Wider use of telehealth services and better coordination of health care might help to reduce carbon emissions related to healthcare, a recent study suggests. Researchers from the University of Tasmania surveyed residents on King Island in Bass Strait in an attempt to establish the carbon emissions from their healthcare-related travel. Isabelle Ellis, Professor of Nursing: [...]READ MORE
Last month Thomas Frieden, Director for the Centres for Disease Control and Prevention published an article that will be of interest to many Croakey readers in the American Journal of Public Health. Six Components Necessary for Effective Public Health Program Implementation collates what is known about effective public health program implementation and challenges to same. [...]READ MORE
Eco-Health symposium to put focus on collective learning, transformational change and health for all
As the ramifications of environmental destruction and climate change become ever-more evident, it is clear that transformational change is needed if there is to be a healthy future for the planet and all who dwell upon it. The role of collective learning in achieving transformational social change will be up for discussion at a three-day eco-health [...]READ MORE
That’s the word from a meeting held in Perth recently which focused on the thing that seemed absent from the Liberal’s agenda prior to the September election: Aboriginal health.
Des Martin (pictured above), Chief Executive Officer of the Aboriginal Health Council of Western Australia, a peak body representing 20 of that state’s Aboriginal Medical Services, says there is truth in that statement because this is the first time Aboriginal people have been so close to the top of the political agenda. Des Martin wrote this report from the recent National Aboriginal Community Controlled Health Organisation’s Members Meeting:READ MORE
Tackling dementia in Aboriginal and Torres Strait Islander communities: a personal story of loss and transformation
The challenges of dementia for Aboriginal and Torres Strait Islander families and communities were highlighted in a powerful and deeply personal presentation to the recent Closing the Credibility Gap symposium in Melbourne. The symposium also heard of a range of resources available to help people find relevant information and resources, reports Marie McInerney, a journalist [...]READ MORE
ADCA’s patron Ian Webster AO is an Emeritus Professor of Public Health and Community Medicine at the University of New South Wales. He has held senior appointments in the UNSW Faculty of Medicine as well as Monash, Sheffield and Sydney Universities. A member of the National Mental Health Commission, he still works as a consultant physician in the South Western Sydney and Shoalhaven areas.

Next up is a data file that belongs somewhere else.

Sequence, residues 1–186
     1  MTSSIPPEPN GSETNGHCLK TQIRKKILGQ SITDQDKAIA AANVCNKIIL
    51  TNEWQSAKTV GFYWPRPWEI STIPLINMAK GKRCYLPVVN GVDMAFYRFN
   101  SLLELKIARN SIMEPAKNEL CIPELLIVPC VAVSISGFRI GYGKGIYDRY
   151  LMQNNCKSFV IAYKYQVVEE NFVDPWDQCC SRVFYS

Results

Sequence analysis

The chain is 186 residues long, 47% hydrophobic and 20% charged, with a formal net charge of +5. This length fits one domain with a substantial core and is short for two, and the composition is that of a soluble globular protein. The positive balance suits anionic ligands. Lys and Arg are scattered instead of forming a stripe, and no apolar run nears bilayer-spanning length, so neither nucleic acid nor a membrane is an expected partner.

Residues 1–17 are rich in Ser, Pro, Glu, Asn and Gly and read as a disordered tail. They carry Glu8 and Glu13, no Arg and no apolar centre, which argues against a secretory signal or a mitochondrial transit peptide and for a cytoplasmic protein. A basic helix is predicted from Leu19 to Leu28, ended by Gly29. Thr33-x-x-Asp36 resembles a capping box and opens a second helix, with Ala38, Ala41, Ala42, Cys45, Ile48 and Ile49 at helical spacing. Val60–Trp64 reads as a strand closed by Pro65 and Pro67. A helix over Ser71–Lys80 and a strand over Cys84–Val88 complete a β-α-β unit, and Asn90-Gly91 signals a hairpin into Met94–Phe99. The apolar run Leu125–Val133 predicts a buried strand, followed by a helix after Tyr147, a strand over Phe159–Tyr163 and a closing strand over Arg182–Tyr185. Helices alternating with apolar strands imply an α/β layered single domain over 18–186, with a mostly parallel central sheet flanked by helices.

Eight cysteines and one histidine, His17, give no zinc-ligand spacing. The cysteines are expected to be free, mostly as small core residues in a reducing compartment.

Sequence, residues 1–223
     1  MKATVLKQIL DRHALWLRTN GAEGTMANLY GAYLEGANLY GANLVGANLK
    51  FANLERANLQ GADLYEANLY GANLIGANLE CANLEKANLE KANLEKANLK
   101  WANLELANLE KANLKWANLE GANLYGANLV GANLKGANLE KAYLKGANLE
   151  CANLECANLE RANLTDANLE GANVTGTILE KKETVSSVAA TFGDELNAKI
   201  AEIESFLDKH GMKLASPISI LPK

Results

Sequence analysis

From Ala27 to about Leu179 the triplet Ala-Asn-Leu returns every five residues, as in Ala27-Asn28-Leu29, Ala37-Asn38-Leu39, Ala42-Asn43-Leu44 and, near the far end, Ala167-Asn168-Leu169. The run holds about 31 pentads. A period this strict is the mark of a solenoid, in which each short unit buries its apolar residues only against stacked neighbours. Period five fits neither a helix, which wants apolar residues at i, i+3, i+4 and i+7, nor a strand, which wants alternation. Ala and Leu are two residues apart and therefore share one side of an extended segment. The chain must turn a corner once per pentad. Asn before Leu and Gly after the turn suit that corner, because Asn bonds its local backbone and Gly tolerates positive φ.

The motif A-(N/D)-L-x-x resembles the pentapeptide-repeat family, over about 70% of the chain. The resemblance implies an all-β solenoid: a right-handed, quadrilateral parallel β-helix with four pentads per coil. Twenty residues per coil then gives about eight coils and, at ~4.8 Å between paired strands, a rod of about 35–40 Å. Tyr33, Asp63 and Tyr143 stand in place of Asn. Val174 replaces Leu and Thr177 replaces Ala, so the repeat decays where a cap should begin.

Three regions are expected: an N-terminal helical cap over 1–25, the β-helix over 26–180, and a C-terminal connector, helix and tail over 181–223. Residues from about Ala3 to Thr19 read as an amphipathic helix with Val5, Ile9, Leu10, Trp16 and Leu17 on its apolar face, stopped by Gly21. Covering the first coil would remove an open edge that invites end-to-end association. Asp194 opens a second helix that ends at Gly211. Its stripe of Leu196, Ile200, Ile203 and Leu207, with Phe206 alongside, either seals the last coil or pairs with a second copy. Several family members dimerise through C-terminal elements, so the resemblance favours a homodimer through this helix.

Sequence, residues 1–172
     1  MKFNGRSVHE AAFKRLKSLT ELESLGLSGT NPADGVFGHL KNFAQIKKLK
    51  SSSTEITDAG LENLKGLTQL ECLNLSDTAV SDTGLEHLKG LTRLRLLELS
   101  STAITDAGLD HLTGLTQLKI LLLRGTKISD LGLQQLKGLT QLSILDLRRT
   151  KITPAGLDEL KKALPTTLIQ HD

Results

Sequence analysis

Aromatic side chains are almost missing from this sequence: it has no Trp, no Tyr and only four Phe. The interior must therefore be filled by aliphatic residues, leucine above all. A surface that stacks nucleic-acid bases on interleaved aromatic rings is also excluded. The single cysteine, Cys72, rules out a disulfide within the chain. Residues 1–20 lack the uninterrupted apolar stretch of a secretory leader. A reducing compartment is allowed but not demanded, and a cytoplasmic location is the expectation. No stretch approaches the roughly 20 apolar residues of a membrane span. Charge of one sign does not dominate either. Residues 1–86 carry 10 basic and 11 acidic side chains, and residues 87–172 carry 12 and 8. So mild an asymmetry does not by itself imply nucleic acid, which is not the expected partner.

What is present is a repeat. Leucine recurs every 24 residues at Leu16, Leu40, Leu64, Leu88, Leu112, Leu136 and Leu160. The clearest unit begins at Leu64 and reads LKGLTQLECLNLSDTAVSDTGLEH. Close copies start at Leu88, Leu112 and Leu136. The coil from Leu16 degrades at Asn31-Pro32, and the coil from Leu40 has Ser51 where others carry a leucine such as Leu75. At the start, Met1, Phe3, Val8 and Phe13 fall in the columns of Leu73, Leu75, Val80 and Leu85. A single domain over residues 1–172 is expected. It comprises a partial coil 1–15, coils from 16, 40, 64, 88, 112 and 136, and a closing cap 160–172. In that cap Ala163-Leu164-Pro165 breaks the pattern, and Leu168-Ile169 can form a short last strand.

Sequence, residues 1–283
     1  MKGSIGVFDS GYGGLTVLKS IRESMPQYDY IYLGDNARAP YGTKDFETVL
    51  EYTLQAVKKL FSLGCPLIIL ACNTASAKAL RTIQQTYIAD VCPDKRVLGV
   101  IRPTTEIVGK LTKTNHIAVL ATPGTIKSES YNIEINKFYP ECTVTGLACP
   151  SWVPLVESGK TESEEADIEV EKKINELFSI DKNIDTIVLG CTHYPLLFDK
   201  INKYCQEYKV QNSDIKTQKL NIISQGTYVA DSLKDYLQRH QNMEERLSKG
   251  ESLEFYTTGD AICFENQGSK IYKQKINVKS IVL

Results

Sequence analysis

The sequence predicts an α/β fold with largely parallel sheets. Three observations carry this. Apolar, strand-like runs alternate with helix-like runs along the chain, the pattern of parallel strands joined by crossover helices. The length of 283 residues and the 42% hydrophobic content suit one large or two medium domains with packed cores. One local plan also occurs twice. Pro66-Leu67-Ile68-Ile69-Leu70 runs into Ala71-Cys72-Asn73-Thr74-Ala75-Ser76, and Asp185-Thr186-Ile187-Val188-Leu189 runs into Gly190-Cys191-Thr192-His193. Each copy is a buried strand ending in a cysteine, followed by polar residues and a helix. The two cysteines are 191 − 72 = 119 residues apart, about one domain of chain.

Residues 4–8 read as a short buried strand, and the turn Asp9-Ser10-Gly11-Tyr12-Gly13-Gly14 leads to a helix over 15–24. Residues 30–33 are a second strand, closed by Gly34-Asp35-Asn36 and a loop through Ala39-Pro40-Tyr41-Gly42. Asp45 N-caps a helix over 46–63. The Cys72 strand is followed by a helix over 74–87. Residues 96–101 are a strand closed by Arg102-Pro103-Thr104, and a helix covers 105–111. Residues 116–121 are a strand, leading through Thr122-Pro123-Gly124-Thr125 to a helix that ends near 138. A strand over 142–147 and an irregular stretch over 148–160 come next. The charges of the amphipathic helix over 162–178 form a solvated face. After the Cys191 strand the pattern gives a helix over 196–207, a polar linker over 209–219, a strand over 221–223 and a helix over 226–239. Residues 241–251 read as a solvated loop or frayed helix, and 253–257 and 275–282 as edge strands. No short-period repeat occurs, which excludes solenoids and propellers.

Jeannie Little OAM, an Aboriginal elder from far north Queensland, is a member of the ADCA Board of Directors. She trained as a nurse and has for many years been involved in community health and wellbeing initiatives around Australia. A traditional owner of the country around Mapoon on western Cape York, she chairs ADCA’s Aboriginal and Torres Strait Islander Working Group.
People from two such disparate backgrounds may have many different points of view, but their commitment to public health and wellbeing unites them in their disbelief at the Federal Government’s treatment of the organisation to which they are so committed. Their thoughts follow:
Over nearly half a century representing the alcohol and other drugs sector as the national peak, ADCA has never resiled from its commitment to laying the facts on the line when asked by a government to contribute to policy discussions. The ADCA viewpoint may have ruffled a few feathers on occasions but it was never based on anything other than carefully researched fact.READ MORE
Shadow Minister for Health Catherine King adds her voice to the criticism of the Government’s decision to axe ADCA. She writes: The Abbott Government’s knee-capping last week of the Alcohol and Other Drugs Council (ADCA) is more than a blow to how we deal with one of our most challenging problems. It shows a worrying [...]READ MORE
“It is like the chicken talking to the duck”: health literacy conference participants call for a user-friendly health system
This is the final report from an International Health Literacy Network conference held recently at the University of Sydney. It covers: Gaps in services for cancer patients from culturally and linguistically diverse backgrounds. A consumer health advocate’s call for more responsive health services. Feedback from conference participants, including advice for health professionals to “stop telling and start [...]READ MORE
The Croakey Conference Reporting Service’s last post from the Health Workforce Australia Conference details how the development of a culturally inclusive, interdisciplinary Aboriginal and Torres Strait Islander health curriculum framework is contributing to closing the health and life expectancy gap between Aboriginal and Torres Strait Islanders and non-Indigenous Australians. A Health Workforce Australia (HWA) project [...]READ MORE
A group of physicians is attempting to block proposed governance changes to the Royal Australasian College of Physicians (RACP), due to be voted on tomorrow. These changes have been proposed by the current RACP Board of Directors and include changing its size from 19 to nine Directors and its structure from a Board of ex-officio representative Directors to a largely skills-based Board. Seven of the nine Directors will be RACP members, with two community representatives.READ MORE